Utilizing the Supplemental Nutrition Assistance Program (SNAP) as College Enrollment Support for Low-Income Individuals

Debra Greenwood, Fordham University

Abstract

U.S. workers lack the education to compete in the job market nationally and on a global scale. A college education has multiple benefits for the graduate and their children; however, there are multiple barriers to accessing higher education for low-income adults, including increased tuition and cuts to financial aid. Social welfare programs could be a source of financial support for low-income adults to enroll in college; the SNAP program is one of the largest social welfare programs in the U.S. While there are no national data, receipt of SNAP has been broadly linked to college attendance since the 1970s; use of SNAP by college students has increased recently in light of the recession of 2009. Having a college degree actually decreases the odds that an adult will access SNAP. This was a secondary data analysis of the Census Bureau’s Survey of Income and Program Participants (SIPP) 2008 panel to examine college attendance of low-income SNAP and non-SNAP recipients. The SIPP was chosen for this study partly because it is the only database that collects both SNAP recipiency and college enrollment data, and the 2008 panel was during a major recession. A multiple logistic regression model was conducted, regressing the dependent variable of college enrollment on the independent and control variables. A fourth step was added to the model, entering the interaction terms for the modifying variables with the independent variable. Receipt of SNAP was negatively correlated with college enrollment through all models. When controlling for all other variables, receipt of SNAP benefits in the final model significantly decreased the odds of college enrollment—by 40.8 percent—as compared to non-recipients. There currently are no studies that specifically examine the link between receipt of SNAP and college enrollment. Despite the findings of this study, using the SIPP in a longitudinal study, as opposed to the cross-sectional analysis presented, could provide important information about the use of this specific social welfare program by college enrollees.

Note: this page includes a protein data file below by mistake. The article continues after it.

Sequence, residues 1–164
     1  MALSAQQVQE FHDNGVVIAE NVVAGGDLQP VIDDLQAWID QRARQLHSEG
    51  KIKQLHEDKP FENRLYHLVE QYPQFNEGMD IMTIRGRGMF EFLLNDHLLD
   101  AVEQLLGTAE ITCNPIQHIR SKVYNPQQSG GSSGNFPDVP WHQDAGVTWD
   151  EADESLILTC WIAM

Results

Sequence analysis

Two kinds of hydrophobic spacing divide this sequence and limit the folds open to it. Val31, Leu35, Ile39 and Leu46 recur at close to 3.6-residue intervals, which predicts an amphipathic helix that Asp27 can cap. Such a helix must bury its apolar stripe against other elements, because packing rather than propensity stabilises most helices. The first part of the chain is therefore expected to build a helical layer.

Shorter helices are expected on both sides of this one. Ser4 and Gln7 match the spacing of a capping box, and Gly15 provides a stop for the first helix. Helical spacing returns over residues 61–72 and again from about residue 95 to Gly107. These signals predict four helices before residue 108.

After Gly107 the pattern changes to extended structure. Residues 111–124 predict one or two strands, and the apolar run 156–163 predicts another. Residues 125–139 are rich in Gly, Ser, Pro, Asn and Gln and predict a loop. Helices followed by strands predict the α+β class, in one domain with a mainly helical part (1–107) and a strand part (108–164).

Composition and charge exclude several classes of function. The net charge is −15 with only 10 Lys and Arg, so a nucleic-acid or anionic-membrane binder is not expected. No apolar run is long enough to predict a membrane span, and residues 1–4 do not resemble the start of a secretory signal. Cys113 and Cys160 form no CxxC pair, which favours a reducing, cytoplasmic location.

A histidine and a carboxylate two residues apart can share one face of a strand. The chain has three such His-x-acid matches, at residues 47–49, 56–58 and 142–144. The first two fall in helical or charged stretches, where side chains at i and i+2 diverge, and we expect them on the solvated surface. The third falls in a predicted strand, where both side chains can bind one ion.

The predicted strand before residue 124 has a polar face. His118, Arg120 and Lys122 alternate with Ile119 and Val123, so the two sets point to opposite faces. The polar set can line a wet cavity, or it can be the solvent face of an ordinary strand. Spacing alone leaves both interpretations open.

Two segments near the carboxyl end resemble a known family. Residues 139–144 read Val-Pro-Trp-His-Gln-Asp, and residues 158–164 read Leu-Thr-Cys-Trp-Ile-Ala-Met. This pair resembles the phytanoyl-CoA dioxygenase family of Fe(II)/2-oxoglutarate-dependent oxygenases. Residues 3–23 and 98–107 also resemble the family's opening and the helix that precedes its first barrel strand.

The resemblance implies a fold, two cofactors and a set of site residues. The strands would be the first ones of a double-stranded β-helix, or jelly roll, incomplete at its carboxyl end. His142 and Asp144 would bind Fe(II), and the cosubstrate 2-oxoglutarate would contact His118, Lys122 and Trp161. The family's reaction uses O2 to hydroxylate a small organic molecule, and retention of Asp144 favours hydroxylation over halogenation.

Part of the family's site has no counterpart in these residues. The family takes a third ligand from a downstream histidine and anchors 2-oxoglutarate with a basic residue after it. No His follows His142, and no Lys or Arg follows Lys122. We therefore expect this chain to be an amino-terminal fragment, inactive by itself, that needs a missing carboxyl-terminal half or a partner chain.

Subject Area

Adult education|Public policy|Social work|Higher education

Recommended Citation

Greenwood, Debra, "Utilizing the Supplemental Nutrition Assistance Program (SNAP) as College Enrollment Support for Low-Income Individuals" (2019). ETD Collection for Fordham University. AAI27544762.
https://fordham.bepress.com/dissertations/AAI27544762

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